What do you do when someone steals your work? Theft in the wedding industry happens all the time, and it’s time we talked about it. Whether it's stealing your website copy, images of your work–or even your logo, intellectual theft is on the rise. In fact, copying in the wedding industry is more the norm than the exception.
I have a lot of experience with theft. Over the last 15+ years, I've had everything down to my entire website copied–so you could say I know a thing or two about how to navigate thieves and imposters.
This is our first ‘hot topic’ style episode of The Power in Purpose podcast. I really let my hair down in this episode so expect to laugh, learn, and hear some of my own stories of being stolen from– and one story involves my own student!
In this episode, I teach you how to find thieves, what to do if someone has stolen your work, and how to protect yourself.
On this episode about copying in the wedding industry:
- What thieves and imposters tend to copy and take from others
- How to respond when your work has been stolen
- Stories of my encounters with thieves and imposters
- How to find people who've stolen your work
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What do you do when someone steals your work? Theft in the wedding industry happens all the time. And in this Hot Topic episode, I want to teach you how to find thieves, what to do when someone stolen your work, and how to protect yourself. I'm even sharing some of the experiences I've personally had with people stealing my work. And one story, it involves my own students.
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You're here to grow a business, but not just any kind of business. You want to grow a profitable business with purpose. A business where you wake up every single day driven to serve your customers and make a difference in your own life. I'm Candice Coppola, public author, business coach, and your guide to building a profitable business with purpose. Join me here every single week as we explore how to build and grow your business with purpose.
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Get ready to dig in and have meaningful conversations about the strategies and techniques that will help you build your dream business. This is power in purpose.
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Hey there. Welcome back to the Power and Purpose podcast. It's me, your host, Candice. And boy, do we have a fun little Hot Topic episode for you today. We're talking about theft in the wedding industry.
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People stealing your hard work and trying to pass it off as their own. This is pervasive. It happens far too often. And I want to equip you and empower you to take charge and to protect your intellectual property when someone steals it. So, like I mentioned at the top of the episode, we are going to dig into all things theft.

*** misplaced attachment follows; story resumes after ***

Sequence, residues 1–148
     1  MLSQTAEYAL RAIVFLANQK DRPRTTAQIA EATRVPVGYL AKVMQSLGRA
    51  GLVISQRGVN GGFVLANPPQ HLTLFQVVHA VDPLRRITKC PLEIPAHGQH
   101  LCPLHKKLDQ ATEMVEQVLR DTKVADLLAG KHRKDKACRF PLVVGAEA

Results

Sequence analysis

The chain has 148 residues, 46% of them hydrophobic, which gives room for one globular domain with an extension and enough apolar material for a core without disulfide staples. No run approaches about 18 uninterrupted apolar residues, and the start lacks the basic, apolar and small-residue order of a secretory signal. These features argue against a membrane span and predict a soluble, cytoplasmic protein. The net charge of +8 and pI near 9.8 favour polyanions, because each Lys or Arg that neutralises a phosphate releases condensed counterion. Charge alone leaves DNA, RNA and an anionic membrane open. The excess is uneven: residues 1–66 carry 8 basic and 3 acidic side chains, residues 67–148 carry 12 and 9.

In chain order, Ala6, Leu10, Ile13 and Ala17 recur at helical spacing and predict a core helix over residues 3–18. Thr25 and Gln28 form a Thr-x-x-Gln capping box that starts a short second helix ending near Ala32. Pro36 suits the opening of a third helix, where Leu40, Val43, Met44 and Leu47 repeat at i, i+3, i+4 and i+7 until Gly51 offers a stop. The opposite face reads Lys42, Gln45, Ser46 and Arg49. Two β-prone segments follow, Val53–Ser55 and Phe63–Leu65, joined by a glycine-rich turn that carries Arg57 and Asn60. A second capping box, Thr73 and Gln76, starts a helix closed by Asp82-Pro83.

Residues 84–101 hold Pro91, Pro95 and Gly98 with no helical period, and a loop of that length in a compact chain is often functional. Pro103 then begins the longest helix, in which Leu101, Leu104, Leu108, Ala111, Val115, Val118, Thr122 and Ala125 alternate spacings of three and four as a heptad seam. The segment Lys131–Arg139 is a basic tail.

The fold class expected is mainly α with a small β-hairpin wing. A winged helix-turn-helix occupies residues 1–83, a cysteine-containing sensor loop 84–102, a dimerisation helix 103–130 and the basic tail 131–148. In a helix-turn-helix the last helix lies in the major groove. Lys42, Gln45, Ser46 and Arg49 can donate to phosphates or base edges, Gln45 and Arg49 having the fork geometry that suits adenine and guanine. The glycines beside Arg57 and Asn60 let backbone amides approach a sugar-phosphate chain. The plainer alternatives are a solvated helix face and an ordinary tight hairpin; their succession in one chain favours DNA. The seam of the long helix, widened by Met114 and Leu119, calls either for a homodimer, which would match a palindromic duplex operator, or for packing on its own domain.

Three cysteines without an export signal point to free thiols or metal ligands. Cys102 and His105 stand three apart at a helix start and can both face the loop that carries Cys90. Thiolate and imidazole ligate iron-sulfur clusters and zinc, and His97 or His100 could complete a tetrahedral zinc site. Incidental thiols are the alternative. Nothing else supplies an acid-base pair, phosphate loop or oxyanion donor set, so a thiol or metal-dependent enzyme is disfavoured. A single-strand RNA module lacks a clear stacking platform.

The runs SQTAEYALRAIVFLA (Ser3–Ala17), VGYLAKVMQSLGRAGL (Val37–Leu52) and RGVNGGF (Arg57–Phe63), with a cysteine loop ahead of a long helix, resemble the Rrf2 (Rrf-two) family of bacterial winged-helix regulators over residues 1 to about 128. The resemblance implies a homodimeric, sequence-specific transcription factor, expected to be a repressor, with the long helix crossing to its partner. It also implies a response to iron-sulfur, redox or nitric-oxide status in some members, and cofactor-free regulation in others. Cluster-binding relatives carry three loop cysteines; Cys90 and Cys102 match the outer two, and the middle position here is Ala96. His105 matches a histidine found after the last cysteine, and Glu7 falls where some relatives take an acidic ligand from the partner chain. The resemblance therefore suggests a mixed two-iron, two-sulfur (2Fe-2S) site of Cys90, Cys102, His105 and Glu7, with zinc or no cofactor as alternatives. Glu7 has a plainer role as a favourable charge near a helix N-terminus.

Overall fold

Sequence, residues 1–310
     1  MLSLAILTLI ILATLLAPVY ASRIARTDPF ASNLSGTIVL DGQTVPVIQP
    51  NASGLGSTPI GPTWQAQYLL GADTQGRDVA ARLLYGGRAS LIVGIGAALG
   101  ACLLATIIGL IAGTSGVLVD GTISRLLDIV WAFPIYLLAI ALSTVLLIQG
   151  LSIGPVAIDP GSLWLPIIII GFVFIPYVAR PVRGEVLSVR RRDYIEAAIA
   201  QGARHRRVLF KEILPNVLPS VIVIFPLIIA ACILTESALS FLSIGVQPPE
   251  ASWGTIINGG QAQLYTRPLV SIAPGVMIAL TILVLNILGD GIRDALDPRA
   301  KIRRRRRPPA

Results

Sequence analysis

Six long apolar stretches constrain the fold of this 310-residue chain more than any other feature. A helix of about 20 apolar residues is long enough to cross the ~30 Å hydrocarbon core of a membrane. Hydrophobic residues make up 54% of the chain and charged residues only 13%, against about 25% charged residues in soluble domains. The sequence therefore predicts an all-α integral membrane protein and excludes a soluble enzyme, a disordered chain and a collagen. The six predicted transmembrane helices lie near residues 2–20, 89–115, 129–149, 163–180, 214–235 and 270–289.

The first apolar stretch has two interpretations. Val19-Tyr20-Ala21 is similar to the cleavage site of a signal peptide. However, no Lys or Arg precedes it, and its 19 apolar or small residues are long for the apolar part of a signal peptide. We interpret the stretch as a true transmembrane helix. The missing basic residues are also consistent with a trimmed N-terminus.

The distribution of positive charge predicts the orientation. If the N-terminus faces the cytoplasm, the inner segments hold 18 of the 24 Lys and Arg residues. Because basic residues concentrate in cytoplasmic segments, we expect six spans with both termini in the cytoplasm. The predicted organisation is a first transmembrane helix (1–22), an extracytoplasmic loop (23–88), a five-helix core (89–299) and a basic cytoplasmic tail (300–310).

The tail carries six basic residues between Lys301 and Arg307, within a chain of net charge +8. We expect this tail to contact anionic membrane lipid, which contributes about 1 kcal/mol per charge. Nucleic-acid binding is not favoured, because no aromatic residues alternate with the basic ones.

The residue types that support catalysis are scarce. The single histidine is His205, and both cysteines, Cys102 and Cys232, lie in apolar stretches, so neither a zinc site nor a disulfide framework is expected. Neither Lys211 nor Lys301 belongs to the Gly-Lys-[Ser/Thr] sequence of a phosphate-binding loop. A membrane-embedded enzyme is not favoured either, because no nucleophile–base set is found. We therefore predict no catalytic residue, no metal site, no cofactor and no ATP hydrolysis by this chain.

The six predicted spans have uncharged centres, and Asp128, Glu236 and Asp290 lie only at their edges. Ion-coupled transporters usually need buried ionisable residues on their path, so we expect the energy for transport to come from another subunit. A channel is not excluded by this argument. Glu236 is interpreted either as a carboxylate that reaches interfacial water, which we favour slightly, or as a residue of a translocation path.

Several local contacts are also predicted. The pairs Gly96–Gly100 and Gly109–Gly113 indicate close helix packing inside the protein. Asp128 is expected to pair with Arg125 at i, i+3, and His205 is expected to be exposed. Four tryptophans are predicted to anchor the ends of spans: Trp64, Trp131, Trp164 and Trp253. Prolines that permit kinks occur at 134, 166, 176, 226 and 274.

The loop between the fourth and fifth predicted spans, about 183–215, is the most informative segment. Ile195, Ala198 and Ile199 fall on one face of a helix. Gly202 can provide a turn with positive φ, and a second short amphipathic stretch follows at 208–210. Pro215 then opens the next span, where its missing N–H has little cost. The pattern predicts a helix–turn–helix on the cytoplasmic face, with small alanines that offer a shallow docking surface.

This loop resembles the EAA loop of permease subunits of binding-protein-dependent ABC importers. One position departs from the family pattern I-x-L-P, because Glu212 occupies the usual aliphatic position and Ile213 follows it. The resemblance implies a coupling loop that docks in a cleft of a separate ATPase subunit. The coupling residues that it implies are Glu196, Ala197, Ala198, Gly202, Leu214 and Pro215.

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What it looks like, what it feels like, what you should do step by step in a situation where someone steals from you, when you should involve a lawyer, and how you can go today and find thieves who may have already stolen your work and you just don't know about it. I'm also spilling the tea and sharing some juicy, funny, some fun stories are not funny that I'm sharing today, but some juicy behindthescenes stories of times I've been stolen from. I've been in business, as you know, forever. You know, I love to make the joke that I've been around since the Dark Ages, and I have. I've been in business for a long time, which means that I have tons of experience with being stolen from and with theft of my intellectual property.
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I've literally had everything from my business name to materials that I give my students stolen. I've had my logo stolen. That's a really funny story, which I'll tell in this episode. And of course, images of my work and my website copy stolen practically every single week. So I speak from a lot of experience here.
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And if you've been in business for at least a year, I would say somebody's probably already stolen from you. You just haven't found it yet. And if you've been in business longer than that, you've definitely been stolen from. And no matter how many times this might happen to you in your business, there's always the same kind of reaction. You go through the same sort of emotions when someone steals from you, whether it's an image they posted on Instagram or they've literally stolen, like the entirety of your website, you go through the same ranges of emotions.